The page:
Film History: Golden Age of Hollywood – Timeline of Cinema Ep. 3

Hello everyone and welcome to our video series,
“A Timeline of World Cinema” I’m Bradley Weatherholt and I will be your
host on this journey through the history of film. In this episode, we will discuss the Golden
Age of Hollywood and how the major “Big Five” studios navigated the birth of sound, censorship,
and major global events like the Great Depression and World Wars. In 1927, Hollywood shook the world with “The
Jazz Singer,” the first “talkie.” Within the first twenty minutes, Al Jolson
said the now immortal line… “Wait a minute! Wait a minute! You ain’t heard
nothing yet!” Within two years after the success of “The
Jazz Singer” the majority of American cinemas were wired for sound and Hollywood had, more
or less, abandoned silent film production. Through sync sound, Hollywood was able to
provide a distinct American flavor to their films through dialoge. “If you ain’t out of town by tomorrow morning,
you won’t ever leave it except in a pine box.” However, it was not always a smooth transition
to “sound cinema.” Dialogue posed a serious problem for America’s
international dominance. Before dialogue, American studios could distribute
their films with little to no confusion or language barrier. But now that narratives depended so much on
dialogue, American studios were having trouble branding their products to foreign markets
that didn’t speak English. The problem was resolved with the invention
of dubbing, where an additional audio track was laid over the original film. [Dubbed Spanish Dialogue] Now that Hollywood had a product that did
well, domestically and internationally, they experience a talkie boom, where they considered
themselves depression proof. In the wake of Wall Street’s collapse in 1929,
theater admissions and gross revenues reached a record level. However, by 1931 the Depression caught up
with the industry. During this time, the industry was composed
of five major studios, termed the “Big Five.” Paramount, Fox, and RKO all experienced financial
collapse in the 1930s. Warner Bros. survived only by selling 1/4
of its assets. MGM, meanwhile, thrived due to its relatively
limited chain of theaters. The three “major minor” studios survived by
different strategies. Like MGM, most of the “major minors” didn’t
have their money tied up to theatre chains. United Artists focused on high quality films,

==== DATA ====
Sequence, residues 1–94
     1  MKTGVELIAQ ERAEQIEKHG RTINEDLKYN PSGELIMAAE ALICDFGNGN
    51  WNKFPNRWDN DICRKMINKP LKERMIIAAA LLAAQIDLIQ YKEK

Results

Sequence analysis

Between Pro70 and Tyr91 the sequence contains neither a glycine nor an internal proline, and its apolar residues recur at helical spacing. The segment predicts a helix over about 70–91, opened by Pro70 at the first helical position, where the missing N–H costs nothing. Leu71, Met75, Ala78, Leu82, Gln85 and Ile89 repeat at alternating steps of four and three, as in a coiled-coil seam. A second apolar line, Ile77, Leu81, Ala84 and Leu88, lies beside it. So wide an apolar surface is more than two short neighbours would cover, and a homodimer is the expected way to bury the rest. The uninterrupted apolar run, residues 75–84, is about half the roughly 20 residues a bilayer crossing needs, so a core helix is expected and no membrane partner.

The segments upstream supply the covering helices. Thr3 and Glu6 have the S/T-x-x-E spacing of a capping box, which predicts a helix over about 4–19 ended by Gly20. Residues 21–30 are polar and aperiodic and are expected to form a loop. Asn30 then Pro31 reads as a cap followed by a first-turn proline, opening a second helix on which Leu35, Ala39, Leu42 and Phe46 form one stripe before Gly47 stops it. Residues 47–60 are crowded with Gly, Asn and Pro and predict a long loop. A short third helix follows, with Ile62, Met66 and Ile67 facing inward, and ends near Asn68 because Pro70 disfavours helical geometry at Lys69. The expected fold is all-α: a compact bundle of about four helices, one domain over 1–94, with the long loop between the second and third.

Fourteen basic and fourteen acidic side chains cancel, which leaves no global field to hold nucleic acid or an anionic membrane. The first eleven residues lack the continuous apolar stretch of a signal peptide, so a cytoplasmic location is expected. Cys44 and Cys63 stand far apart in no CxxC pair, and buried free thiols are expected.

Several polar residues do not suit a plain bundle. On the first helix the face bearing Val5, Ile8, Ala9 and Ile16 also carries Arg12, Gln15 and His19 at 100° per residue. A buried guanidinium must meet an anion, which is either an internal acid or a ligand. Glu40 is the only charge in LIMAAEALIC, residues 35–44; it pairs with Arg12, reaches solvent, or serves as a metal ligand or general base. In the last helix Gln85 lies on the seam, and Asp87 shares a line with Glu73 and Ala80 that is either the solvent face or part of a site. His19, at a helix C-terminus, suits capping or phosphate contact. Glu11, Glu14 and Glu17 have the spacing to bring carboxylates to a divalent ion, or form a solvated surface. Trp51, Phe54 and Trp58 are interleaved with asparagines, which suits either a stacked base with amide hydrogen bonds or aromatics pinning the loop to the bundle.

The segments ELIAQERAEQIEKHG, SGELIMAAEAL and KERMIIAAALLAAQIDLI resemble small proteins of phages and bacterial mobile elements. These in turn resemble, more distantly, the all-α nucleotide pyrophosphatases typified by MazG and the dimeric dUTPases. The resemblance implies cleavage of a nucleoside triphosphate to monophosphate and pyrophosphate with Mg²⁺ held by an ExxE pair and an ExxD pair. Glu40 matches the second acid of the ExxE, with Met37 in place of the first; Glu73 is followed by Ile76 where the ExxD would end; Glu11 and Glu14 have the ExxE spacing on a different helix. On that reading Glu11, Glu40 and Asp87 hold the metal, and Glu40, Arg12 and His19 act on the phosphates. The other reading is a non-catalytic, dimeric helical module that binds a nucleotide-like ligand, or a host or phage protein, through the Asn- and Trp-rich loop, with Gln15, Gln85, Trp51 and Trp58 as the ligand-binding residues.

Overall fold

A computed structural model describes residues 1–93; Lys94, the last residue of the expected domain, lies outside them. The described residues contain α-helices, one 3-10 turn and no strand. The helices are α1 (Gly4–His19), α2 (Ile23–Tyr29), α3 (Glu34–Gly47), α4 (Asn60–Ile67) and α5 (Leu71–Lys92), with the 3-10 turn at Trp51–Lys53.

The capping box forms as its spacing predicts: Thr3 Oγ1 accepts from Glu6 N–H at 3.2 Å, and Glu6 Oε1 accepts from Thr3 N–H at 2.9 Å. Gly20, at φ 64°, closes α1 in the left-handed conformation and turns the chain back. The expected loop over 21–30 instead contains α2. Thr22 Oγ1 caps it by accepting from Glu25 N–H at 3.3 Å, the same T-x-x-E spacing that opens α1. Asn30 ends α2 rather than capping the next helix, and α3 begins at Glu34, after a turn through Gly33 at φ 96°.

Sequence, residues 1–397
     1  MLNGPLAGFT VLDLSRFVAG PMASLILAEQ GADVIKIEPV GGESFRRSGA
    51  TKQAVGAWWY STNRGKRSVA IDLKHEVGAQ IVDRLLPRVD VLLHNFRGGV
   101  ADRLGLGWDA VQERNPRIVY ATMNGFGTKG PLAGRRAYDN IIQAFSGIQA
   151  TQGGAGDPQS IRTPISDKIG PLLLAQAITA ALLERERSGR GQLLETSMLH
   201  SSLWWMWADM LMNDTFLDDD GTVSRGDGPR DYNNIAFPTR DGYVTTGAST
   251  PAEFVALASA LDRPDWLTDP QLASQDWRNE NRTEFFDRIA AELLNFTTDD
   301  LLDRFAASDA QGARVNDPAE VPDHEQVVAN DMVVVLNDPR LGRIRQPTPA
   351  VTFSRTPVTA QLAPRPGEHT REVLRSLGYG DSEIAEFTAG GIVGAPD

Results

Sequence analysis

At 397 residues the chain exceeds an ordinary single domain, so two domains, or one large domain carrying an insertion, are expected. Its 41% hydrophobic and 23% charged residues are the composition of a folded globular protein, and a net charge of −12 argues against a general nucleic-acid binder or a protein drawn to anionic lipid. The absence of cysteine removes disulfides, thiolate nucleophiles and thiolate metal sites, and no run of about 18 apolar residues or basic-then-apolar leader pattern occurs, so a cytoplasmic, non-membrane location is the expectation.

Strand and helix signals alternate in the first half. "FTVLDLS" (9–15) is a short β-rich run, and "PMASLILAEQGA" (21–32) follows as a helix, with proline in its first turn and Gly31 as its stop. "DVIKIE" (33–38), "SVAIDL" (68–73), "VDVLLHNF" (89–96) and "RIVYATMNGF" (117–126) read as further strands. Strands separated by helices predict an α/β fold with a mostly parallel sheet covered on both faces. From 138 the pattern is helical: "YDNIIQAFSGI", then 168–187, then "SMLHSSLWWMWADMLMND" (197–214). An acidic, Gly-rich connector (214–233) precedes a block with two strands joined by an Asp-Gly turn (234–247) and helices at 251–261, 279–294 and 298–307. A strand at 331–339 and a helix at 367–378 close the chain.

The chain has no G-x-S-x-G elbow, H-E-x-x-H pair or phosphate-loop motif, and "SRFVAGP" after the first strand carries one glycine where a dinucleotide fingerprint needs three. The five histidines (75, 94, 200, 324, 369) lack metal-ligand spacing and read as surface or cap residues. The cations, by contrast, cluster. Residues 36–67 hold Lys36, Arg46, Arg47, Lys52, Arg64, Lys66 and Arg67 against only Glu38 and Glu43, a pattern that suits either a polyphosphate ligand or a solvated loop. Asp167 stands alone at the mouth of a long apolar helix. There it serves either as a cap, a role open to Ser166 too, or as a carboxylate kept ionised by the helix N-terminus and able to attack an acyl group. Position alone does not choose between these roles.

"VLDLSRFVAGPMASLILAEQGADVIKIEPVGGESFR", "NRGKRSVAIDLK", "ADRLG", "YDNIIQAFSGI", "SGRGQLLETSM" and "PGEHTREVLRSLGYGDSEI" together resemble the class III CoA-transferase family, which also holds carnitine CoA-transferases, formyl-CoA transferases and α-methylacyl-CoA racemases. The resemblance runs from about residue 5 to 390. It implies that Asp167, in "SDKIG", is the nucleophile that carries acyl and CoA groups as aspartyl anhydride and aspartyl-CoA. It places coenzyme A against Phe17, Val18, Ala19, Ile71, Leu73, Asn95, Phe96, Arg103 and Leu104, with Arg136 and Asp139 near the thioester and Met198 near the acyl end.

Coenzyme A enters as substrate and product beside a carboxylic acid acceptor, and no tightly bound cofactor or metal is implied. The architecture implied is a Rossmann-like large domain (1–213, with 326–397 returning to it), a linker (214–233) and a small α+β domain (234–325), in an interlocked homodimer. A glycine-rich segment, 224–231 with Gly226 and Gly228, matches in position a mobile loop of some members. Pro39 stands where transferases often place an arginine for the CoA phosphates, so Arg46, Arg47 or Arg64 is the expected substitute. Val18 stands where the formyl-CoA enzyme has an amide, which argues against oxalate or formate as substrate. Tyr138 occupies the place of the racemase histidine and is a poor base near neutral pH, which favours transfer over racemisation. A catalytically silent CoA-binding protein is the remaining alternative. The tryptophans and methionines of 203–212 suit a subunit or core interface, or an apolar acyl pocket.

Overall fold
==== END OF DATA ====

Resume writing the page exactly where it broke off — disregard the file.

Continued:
while Columbia and Universal pursued a different strategy. They produced low cost, low risk features
that fell into a new category, the B movie. Though some of these strategies worked for
the industry, the key to Hollywood’s survival came from the intervention of both Wall Street
and Washington. Realizing the political and economic potential
of the industry, Washington lobbied a bailout of the firms. The studios rose back to power by the late 1930s. And while the theater holdings of major studios
had been a severe financial burden during the darkest Depression years, they again were
keying the Big Five’s utter domination of the movie marketplace. At the center of this dominance was the big
budget, A class picture. Of these pictures, “The Wizard of Oz” describes
this period perfectly. What better to illustrate the Golden Age of
Hollywood than the Yellow Brick Road. Like “Gone With The Wind,” another film produced
in 1939, “The Wizard of Oz” was a huge, ambitious undertaking by the major studio MGM. The film highlights what the major studio
films aimed to do at the time and with brilliant color. Starring Judy Garland and base on L. Frank
Baum’s novel, the film employed two of the major studio strategies. The use of a star vehicle, or the Star System,
and adaptation from literature. Adjusting for inflation, “Oz” is the highest
grossing film of all time. However, upon its initial release MGM actually
lost money. Being the most expensive picture of the time,
it was huge gamble and one that didn’t pay off until successful rereleases. Despite the early financial disappointment,
the film had immediate critical acclaim. Nominated for six Academy Awards, the film